En la universidad de Howard se llevan a cabo trabajos de investigación que persiguen saber si el esmalte de los dientes puede o no alojar información sobre la exposición a materia radioactiva. El desarrollo de la Resonancia paramagnética de electrones podría permitir leer del esmalte de una pieza dental la cantidad de exposición a radioactividad. Hasta ahora el inconveniente es que hay que retirar una parte del diente para tomar la muestra. Este artículo se los traemos desde Dentalblogs 


Researchers at Howard University in Washington College of Dentistry believe that tooth enamel stores important data about a person’s exposure to radiation. The team is developing Electron Paramagnetic Resonance (EPR) to determine the level of free radicals in substances, including tooth enamel.
What will this information be used for? The hope is that EPR can assist medical workers in triaging patients or dividing victims of radiation exposure into classes by the amount of radiation received. The new technology is minimally-invasive and would provide data useful in treating people exposed to radiation in an accident or by a “dirty bomb,” which refers to a radiation dispersal device.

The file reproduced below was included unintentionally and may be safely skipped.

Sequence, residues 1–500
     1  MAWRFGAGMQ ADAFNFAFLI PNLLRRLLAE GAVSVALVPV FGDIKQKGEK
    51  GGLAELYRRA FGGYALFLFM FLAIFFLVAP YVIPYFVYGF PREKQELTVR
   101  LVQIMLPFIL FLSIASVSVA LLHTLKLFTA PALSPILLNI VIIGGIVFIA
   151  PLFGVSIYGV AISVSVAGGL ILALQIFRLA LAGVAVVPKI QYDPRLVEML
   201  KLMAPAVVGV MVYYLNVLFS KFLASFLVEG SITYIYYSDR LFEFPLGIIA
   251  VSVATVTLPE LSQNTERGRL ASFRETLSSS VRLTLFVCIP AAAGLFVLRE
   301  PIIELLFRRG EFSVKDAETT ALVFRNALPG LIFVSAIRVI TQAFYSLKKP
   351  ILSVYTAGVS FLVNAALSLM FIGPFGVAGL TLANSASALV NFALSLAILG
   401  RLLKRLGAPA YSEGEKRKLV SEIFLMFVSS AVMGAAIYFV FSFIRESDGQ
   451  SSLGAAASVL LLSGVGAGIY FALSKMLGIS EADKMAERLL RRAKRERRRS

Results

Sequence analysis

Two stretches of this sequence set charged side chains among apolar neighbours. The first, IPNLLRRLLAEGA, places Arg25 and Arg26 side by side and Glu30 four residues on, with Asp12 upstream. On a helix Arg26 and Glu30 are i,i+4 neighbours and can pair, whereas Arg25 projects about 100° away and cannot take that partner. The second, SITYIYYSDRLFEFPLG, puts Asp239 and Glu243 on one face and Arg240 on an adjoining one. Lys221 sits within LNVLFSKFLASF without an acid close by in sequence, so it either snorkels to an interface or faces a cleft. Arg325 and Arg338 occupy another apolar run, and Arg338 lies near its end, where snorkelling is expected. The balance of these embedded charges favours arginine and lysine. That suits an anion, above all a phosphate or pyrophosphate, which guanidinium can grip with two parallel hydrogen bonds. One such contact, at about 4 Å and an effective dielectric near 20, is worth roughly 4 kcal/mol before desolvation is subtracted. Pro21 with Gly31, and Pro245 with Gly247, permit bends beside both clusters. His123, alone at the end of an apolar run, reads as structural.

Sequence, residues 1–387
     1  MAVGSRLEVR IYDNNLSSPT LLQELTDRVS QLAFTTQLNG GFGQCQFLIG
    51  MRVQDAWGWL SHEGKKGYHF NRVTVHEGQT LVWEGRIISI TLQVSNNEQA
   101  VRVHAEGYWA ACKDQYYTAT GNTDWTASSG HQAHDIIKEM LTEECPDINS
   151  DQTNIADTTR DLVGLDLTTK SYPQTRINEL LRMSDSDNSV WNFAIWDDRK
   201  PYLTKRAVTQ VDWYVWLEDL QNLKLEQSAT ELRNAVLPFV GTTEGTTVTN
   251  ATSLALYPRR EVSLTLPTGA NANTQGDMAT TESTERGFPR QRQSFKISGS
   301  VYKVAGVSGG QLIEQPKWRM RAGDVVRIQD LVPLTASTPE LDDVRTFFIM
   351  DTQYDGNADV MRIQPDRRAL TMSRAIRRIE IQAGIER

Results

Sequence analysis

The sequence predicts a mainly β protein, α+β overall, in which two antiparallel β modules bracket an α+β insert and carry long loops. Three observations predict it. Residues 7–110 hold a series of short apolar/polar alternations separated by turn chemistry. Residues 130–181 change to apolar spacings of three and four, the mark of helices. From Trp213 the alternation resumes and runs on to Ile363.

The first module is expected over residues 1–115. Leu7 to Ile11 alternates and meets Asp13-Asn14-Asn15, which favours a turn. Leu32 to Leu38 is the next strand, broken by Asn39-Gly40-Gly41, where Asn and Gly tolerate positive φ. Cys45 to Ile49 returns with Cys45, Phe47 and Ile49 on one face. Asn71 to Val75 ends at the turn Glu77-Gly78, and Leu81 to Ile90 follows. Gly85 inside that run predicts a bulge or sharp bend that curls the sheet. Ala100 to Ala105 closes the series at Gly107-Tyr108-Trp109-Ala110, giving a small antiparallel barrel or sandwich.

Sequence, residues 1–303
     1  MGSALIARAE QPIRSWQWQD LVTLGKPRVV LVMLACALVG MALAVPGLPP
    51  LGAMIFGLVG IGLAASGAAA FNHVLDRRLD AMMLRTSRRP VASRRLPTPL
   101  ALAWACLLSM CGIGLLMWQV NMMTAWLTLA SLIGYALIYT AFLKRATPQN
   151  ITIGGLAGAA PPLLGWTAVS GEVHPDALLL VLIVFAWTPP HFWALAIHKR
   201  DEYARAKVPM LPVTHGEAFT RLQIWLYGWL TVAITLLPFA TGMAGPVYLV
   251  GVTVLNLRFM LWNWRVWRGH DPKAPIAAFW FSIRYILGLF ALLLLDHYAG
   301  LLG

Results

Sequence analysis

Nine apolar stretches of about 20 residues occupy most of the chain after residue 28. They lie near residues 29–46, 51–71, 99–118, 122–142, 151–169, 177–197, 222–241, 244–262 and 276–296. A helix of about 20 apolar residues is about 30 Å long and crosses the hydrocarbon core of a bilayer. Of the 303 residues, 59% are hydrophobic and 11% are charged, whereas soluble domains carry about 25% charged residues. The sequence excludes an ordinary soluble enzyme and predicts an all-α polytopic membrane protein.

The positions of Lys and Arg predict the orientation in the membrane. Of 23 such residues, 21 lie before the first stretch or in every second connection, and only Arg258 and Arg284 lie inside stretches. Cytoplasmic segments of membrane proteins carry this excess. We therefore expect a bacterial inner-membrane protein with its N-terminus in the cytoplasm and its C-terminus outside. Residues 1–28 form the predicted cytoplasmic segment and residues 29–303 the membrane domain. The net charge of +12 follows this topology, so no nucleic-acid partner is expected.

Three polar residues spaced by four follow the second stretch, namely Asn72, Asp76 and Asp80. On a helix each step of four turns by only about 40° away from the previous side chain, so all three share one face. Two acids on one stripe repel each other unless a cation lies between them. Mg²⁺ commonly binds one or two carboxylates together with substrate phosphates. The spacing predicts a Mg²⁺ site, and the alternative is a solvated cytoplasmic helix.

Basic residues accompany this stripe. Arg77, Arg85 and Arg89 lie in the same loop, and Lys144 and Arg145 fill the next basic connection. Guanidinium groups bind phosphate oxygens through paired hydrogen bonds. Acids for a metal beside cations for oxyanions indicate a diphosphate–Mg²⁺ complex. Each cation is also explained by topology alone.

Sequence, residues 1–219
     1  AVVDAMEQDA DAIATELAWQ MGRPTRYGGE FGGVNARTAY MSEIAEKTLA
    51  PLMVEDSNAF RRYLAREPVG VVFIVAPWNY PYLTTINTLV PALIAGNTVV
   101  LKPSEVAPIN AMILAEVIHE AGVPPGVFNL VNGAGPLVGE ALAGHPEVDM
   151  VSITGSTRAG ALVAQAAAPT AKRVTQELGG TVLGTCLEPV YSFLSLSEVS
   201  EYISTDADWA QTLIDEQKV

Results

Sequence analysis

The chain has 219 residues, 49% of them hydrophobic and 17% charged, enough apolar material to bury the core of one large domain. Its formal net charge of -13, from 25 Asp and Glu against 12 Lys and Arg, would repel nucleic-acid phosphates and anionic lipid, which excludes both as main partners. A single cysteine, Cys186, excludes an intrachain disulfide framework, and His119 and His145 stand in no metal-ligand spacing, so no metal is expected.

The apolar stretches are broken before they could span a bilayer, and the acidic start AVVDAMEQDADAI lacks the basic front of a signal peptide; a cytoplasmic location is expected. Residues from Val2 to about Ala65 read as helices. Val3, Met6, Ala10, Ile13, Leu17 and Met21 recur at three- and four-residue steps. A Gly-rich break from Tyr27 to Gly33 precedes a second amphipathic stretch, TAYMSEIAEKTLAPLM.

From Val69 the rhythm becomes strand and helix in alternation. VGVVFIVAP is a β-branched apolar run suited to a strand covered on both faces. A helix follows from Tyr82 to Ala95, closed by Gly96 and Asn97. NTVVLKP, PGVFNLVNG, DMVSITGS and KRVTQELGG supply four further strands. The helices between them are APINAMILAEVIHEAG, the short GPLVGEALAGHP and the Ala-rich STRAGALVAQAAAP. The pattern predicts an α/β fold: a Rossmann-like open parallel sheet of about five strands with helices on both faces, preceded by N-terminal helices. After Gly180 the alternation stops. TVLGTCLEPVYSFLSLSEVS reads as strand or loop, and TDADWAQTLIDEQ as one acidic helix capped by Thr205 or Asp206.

A tiny bit of tooth can be removed without damaging the remaining tooth. This sample is then analyzed with microwaves. Free radicals absorb the waves and allow a trained professional to measure the amount of free radicals in the sample.
Problem is, a dentist has to use dental tools to remove the enamel sample, and this isn’t practical in an emergency. Furthermore, EPR currently detects high levels of radiation, so samples from people with moderate or minimal exposure would not show an accurate reading. The Howard University researchers will continue to work on EPR with the goal of creating a machine that can produce higher-frequency microwave energy for quick and accurate results of various levels of radiation exposure.
At present, EPR can be used to assess a person’s radiation exposure throughout life, which will provide data for other studies, such as radiation exposure’s influence on cancer risk.

Publicado por OralNET on jueves, 11 de marzo de 2010
categories: edit post

0 comentarios

Publicar un comentario

Enter your email address:

Delivered by FeedBurner


¿Deseas Ponerte en Contacto con Nosotros?
contact form faq verification image


Artículos más leídos





Juego online

Blog Archive

contador de visitas